BALTIMORE — Patrons at the Hustler Club still had almost half an hour before closing when shots rang out and a man suffered multiple gunshot wounds near the back of the club early Sunday.
“He was a friend of one of my employees or two of my employees. Nice guy. It was just an isolated incident,” said Bill Wantland, the co-owner of the nearby Club Pussycat, who is balancing his concern over the victim with concern that the shooting comes after weeks battling a proposed 10 o’clock curfew to enhance safety on the block, which many felt may shut them down. “I heard there was a shooting at the Hustler Club and it kind of broke my heart knowing we worked so hard on a compromise with Bill Ferguson, and it’s just heartbreaking. I’m hoping it’s just an isolated incident, because that’s what it is. It’s just isolated.”
Advocates of beefing up security on the block disagree and say the crime stats last year for the area back that up.
“This is not anecdotal. This is not an anomaly,” said Baltimore City Councilman Eric Costello. “This is a continuation of a pattern from last year and from previous years. Again, last year, we averaged almost a non-fatal shooting victim per month.”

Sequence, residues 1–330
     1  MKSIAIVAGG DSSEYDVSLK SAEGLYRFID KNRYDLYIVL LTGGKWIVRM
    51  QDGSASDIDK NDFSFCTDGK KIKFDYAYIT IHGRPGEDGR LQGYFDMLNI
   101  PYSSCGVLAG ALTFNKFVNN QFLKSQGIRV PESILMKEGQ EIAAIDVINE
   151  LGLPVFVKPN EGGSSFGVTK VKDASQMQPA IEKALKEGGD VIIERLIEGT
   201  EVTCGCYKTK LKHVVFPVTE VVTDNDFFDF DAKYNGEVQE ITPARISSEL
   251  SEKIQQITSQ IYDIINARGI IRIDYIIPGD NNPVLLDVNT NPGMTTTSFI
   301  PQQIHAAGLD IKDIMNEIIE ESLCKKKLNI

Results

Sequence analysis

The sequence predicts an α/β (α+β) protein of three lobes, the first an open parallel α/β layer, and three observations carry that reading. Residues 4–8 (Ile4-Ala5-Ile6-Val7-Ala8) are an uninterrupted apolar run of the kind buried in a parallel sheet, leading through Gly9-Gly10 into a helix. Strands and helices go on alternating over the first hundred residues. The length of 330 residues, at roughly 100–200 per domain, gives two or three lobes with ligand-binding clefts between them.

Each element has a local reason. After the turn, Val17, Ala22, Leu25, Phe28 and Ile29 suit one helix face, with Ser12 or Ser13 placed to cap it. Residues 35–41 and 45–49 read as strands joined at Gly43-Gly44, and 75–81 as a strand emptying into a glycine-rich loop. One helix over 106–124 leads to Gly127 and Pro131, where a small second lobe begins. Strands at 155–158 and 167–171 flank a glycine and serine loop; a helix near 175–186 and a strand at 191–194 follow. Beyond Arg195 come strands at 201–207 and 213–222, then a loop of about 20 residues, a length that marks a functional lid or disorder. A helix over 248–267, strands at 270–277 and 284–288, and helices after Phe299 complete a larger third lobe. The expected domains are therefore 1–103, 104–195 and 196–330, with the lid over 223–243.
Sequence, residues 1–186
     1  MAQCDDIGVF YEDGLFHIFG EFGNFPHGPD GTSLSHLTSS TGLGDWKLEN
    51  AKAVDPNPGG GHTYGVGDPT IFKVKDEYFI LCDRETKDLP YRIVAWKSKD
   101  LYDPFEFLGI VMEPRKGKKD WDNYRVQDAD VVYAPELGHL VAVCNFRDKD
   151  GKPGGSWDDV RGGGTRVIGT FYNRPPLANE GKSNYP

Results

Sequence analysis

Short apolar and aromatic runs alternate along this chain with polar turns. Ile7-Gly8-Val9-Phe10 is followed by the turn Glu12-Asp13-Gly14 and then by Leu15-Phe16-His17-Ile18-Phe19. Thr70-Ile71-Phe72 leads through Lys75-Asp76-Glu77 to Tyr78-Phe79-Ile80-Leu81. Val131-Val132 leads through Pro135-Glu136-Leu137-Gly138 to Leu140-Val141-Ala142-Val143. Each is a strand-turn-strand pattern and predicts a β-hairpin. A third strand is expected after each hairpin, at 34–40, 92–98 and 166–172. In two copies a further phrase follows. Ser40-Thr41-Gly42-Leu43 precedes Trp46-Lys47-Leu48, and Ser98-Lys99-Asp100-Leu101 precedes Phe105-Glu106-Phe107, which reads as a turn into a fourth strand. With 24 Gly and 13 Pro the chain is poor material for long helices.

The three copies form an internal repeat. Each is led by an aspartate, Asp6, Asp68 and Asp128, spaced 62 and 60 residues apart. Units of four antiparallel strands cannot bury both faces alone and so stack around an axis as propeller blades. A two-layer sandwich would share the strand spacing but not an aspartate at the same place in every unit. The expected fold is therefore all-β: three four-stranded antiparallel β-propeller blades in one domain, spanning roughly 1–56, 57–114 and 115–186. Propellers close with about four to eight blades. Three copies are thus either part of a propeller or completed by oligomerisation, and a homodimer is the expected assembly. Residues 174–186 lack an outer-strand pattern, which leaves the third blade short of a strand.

As part of the brokered compromise, clubs along The Block would have to install more security cameras, improve their ability to share images with police and train their security personnel to keep patrons in check, while providing more money for officers devoted to policing outside the establishments, but some say there’s no guarantee any of that would have prevented Sunday’s shooting.
“There’s about a 99-percent chance you can stop it. There’s always that one chance. Let’s be realistic about it. There’s always that one chance,” said Wantland. “You can’t always stop 100 percent of crime or anything anywhere in Baltimore City.”
The senate president’s communication director, David Schuhlein, says the shooting reinforces the need for the heightened security.